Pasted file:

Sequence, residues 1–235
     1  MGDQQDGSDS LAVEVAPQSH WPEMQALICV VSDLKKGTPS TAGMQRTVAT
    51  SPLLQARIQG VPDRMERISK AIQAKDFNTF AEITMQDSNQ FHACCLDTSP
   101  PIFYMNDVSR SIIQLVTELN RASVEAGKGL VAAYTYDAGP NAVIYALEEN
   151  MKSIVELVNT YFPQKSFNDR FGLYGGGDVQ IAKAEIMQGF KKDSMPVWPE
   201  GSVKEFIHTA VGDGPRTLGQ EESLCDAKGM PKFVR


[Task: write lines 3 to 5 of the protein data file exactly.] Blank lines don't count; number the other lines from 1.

    51  SPLLQARIQG VPDRMERISK AIQAKDFNTF AEITMQDSNQ FHACCLDTSP
   101  PIFYMNDVSR SIIQLVTELN RASVEAGKGL VAAYTYDAGP NAVIYALEEN
   151  MKSIVELVNT YFPQKSFNDR FGLYGGGDVQ IAKAEIMQGF KKDSMPVWPE